TOO MANY CASTLES TO COUNT

Shortly after the turn of the century, I was working as an actor, risking my life in freeway traffic every day, and attempting to recover after the devastating end of a romance. I was more burned out than a cold campfire. To say that I looked forward to spending the entire summer in Ireland would be a profound understatement.

Before I left, a friend suggested I go see a ‘fabulous’ psychic. Though he knew nothing about me, the psychic was amazingly accurate. The first words out of his mouth were:

‘You’re going to travel across water to a place with lots of castles.'
It was all I could do to keep from laughing out loud and squealing in his face, ‘Duh!’

In Ireland, castles are like hiccups. One pops up every few minutes when you’re driving across the countryside. Some have been painstakingly restored, but many are crumbling yet still beautiful ruins. Most are located on bodies of water, which makes them positively breath-taking. For a tour guide, there’s nothing more gratifying than hearing people gasp in awe when they round a corner and step up to these little pieces of the past. Unlike fairy tale castles, these are the genuine article, with most of the structures dating back to the 12th through 16th centuries. That means the castles were usually tower houses or keeps, built so that the people inside could be easily defended.
The renaissance period in Ireland was fraught with peril, and overrun by a bunch of angry white dudes greedy for land. The Normans swept across the country to the west, defeating the High Kings of Ireland; the War of the Roses created a wave of trouble beyond British shores; rebelling Anglo-Irish and Gaelic families wacked off heads and asked questions later; the Battle of Kinsale was a total nightmare; and then there was that whole Cromwellian load of crap. All this fighting meant that castles were a necessary practicality.

Consequently, a real castle doesn’t usually look like Cinderella’s Magic Kingdom digs at Disneyland. That structure is a hollow fa├žade (so Hollywood) based on the Neuschwanstein castle in Bavaria. Neuschwanstein was built by wacky King Ludwig in the late 19th century when people no longer needed to live in castles for protection. To put it in perspective, Ludwig was more or less deposed for spending too much on his castle.
As a tour director and guide, I get lots of requests from travellers who want to see castles. My usual response is: If you come to Ireland and don’t see any castles, it means you had your eyes closed the whole time.

This coming summer, for Ireland Writer Tours, there are castles included in both the July and August tours. In addition to countless drive-byes, where ruins will be visible, and stories told, we’ll also be spending private time with specific famous castles.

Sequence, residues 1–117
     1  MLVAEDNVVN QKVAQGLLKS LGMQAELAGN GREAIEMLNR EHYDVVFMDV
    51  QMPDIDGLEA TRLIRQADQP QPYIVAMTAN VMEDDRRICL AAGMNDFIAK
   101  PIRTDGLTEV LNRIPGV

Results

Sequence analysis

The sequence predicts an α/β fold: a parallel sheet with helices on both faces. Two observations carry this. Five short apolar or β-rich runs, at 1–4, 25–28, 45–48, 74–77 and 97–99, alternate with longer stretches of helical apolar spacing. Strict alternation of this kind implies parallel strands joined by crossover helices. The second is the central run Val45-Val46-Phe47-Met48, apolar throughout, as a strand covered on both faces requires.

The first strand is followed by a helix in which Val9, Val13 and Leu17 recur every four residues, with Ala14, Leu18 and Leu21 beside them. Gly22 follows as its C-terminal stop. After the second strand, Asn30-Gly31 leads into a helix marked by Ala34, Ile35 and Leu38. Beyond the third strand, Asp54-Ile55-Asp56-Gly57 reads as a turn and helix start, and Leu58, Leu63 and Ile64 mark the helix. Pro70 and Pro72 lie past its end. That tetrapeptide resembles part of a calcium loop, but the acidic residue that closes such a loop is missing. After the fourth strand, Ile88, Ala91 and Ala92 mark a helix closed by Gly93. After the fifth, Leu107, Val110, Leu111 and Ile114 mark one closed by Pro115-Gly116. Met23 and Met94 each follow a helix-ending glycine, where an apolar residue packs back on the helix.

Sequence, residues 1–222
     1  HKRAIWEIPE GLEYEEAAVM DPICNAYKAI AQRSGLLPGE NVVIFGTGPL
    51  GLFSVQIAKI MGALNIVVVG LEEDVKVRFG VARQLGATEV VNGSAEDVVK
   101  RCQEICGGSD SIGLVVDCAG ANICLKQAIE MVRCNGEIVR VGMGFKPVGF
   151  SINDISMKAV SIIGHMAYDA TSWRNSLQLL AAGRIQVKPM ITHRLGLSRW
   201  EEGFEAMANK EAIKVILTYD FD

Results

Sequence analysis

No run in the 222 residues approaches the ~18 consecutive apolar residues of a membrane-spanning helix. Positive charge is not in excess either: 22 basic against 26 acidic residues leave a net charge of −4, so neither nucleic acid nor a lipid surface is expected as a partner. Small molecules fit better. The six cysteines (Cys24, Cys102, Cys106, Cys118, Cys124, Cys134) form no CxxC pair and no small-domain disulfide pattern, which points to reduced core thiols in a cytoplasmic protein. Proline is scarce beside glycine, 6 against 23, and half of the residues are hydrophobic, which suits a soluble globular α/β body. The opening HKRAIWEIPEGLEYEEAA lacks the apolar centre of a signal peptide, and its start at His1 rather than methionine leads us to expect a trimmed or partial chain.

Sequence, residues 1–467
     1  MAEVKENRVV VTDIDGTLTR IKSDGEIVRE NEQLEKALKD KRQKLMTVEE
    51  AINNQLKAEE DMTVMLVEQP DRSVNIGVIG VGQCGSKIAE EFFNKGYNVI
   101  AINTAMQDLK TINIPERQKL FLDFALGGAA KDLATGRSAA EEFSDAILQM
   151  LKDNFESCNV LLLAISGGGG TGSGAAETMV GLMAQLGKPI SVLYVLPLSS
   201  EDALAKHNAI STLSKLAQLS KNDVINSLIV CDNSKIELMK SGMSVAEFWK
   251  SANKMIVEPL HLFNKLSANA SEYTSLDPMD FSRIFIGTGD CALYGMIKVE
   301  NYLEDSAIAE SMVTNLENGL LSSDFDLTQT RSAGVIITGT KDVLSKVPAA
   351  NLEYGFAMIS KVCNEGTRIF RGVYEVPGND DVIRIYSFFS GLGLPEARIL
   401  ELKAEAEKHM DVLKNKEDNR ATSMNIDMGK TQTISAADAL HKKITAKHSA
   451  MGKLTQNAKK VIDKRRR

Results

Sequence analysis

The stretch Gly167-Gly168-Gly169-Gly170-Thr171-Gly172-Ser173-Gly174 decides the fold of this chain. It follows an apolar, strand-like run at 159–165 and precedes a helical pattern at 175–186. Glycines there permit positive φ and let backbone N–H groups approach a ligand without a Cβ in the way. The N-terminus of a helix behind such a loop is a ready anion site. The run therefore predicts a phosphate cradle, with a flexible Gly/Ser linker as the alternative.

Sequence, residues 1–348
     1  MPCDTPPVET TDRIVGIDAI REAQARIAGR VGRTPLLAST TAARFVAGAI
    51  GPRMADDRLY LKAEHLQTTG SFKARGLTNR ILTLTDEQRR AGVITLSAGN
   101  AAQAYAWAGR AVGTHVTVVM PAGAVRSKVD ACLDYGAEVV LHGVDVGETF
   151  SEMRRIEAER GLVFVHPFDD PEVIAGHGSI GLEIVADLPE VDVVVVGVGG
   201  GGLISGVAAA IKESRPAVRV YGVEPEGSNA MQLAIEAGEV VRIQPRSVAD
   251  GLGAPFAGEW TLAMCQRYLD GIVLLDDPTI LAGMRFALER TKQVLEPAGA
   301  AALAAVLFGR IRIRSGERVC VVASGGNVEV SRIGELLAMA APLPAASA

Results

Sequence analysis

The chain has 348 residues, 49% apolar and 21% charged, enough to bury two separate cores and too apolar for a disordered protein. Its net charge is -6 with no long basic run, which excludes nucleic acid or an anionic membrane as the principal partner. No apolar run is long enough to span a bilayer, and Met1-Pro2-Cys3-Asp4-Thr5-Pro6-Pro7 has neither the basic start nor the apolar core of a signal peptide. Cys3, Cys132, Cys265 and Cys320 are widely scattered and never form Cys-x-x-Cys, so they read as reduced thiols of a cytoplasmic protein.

In July, there’s a magnificent structure dating as far back as the 12th century, complete with a moat and a Rapunzel tower. Though we’ll be touring the grounds, the interior is off limits (unless you want to be sneaky!) The second castle in July is a privately-owned 14th century tower house that is so haunted, a psychic medium used to travel from Scotland to teach classes there. We’ll be having dinner in the tower room and visiting the haunted bedrooms. Sometimes the toilets even flush themselves.
In August, in addition to the photo op castles and drive-byes, we have a special highlight. It will include a docent-guided afternoon in a 15th century castle tower house on the picturesque shore of Lough Leane. This tour is particularly appropriate for anyone writing or planning a project that takes place in a castle because there will be details about daily life in the castle, including everything from what people ate, where they slept, how and why they bathed infrequently, even the oddities involved with going to the loo. The docent also describes harrowing defence and battle practices, as well as architectural details and building methods.

My long-ago psychic-predicted-summer in Ireland was spent researching and writing a historical novel. And the psychic had been right—I did indeed spend a lot of time in and around castles, as I had on numerous trips to Ireland. But a nice surprise happened when I had to return to L.A. After spending three months immersing myself in the lives and tragedies of my Irish ancestors, my own life didn’t seem nearly so bad.

There's nothing quite as spiritually enlightening as travel, learning how someone else lived, and walking a few miles in their shoes.